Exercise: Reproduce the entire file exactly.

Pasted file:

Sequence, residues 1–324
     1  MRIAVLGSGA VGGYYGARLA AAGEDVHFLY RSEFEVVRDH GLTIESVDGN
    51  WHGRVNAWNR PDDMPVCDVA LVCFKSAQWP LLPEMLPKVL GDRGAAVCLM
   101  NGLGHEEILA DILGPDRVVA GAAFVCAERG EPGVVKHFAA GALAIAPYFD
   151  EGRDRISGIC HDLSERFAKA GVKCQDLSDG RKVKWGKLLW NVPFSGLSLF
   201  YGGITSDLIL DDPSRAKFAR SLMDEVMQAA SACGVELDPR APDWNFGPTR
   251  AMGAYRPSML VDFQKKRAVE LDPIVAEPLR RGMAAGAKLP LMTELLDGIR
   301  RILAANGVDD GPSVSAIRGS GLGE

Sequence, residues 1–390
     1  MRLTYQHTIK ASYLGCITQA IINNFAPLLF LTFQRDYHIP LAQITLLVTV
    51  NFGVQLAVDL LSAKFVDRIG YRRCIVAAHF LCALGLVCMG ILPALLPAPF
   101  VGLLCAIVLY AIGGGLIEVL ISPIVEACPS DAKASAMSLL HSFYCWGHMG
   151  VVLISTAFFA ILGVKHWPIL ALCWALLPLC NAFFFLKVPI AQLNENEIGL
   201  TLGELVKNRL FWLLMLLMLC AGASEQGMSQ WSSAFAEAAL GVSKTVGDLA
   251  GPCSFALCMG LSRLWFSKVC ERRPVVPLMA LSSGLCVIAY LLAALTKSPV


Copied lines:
Sequence, residues 1–324
     1  MRIAVLGSGA VGGYYGARLA AAGEDVHFLY RSEFEVVRDH GLTIESVDGN
    51  WHGRVNAWNR PDDMPVCDVA LVCFKSAQWP LLPEMLPKVL GDRGAAVCLM
   101  NGLGHEEILA DILGPDRVVA GAAFVCAERG EPGVVKHFAA GALAIAPYFD
   151  EGRDRISGIC HDLSERFAKA GVKCQDLSDG RKVKWGKLLW NVPFSGLSLF
   201  YGGITSDLIL DDPSRAKFAR SLMDEVMQAA SACGVELDPR APDWNFGPTR
   251  AMGAYRPSML VDFQKKRAVE LDPIVAEPLR RGMAAGAKLP LMTELLDGIR
   301  RILAANGVDD GPSVSAIRGS GLGE

Sequence, residues 1–390
     1  MRLTYQHTIK ASYLGCITQA IINNFAPLLF LTFQRDYHIP LAQITLLVTV
    51  NFGVQLAVDL LSAKFVDRIG YRRCIVAAHF LCALGLVCMG ILPALLPAPF
   101  VGLLCAIVLY AIGGGLIEVL ISPIVEACPS DAKASAMSLL HSFYCWGHMG
   151  VVLISTAFFA ILGVKHWPIL ALCWALLPLC NAFFFLKVPI AQLNENEIGL
   201  TLGELVKNRL FWLLMLLMLC AGASEQGMSQ WSSAFAEAAL GVSKTVGDLA
   251  GPCSFALCMG LSRLWFSKVC ERRPVVPLMA LSSGLCVIAY LLAALTKSPV